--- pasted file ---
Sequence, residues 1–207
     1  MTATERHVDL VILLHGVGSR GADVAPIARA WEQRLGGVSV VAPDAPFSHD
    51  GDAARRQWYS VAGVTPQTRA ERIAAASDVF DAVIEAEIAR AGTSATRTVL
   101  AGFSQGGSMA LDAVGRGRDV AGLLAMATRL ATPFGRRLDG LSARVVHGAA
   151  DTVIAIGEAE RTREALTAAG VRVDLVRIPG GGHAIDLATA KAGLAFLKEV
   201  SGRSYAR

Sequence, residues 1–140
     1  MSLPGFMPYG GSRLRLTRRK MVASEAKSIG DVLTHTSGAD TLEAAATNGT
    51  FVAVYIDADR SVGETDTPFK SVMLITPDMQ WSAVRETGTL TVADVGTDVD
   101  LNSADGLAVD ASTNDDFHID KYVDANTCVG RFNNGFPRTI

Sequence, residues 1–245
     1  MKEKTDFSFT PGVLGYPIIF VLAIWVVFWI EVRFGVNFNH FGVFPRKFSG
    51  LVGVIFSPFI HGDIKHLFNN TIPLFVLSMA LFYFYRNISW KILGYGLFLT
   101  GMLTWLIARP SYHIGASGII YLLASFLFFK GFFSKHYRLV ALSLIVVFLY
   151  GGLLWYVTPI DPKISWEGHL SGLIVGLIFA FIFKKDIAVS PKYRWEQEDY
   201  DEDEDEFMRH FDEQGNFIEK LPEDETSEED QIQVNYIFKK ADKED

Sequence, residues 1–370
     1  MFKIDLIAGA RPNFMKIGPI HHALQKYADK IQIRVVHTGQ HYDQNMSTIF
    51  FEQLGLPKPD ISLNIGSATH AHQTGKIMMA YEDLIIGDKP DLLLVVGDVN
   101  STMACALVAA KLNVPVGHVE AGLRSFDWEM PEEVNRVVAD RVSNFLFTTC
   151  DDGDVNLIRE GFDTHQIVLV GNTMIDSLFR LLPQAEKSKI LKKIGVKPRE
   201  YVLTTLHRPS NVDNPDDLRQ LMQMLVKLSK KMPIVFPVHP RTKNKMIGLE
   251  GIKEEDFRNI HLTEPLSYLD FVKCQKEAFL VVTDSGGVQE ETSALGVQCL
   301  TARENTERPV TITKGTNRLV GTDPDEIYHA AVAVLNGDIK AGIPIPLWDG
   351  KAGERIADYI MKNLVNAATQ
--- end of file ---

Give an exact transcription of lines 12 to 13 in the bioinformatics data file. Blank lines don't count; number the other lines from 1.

     1  MKEKTDFSFT PGVLGYPIIF VLAIWVVFWI EVRFGVNFNH FGVFPRKFSG
    51  LVGVIFSPFI HGDIKHLFNN TIPLFVLSMA LFYFYRNISW KILGYGLFLT